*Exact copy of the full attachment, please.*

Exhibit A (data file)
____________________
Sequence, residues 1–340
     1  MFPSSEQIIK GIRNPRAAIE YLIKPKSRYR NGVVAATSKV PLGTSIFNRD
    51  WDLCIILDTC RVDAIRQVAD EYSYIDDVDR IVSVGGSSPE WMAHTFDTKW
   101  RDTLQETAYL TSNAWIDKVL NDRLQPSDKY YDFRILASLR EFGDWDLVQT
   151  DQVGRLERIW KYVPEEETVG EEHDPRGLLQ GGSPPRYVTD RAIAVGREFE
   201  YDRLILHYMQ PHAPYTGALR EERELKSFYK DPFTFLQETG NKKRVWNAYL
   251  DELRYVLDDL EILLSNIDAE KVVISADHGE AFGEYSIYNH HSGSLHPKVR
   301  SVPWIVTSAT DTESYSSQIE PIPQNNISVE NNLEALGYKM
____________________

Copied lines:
Sequence, residues 1–340
     1  MFPSSEQIIK GIRNPRAAIE YLIKPKSRYR NGVVAATSKV PLGTSIFNRD
    51  WDLCIILDTC RVDAIRQVAD EYSYIDDVDR IVSVGGSSPE WMAHTFDTKW
   101  RDTLQETAYL TSNAWIDKVL NDRLQPSDKY YDFRILASLR EFGDWDLVQT
   151  DQVGRLERIW KYVPEEETVG EEHDPRGLLQ GGSPPRYVTD RAIAVGREFE
   201  YDRLILHYMQ PHAPYTGALR EERELKSFYK DPFTFLQETG NKKRVWNAYL
   251  DELRYVLDDL EILLSNIDAE KVVISADHGE AFGEYSIYNH HSGSLHPKVR
   301  SVPWIVTSAT DTESYSSQIE PIPQNNISVE NNLEALGYKM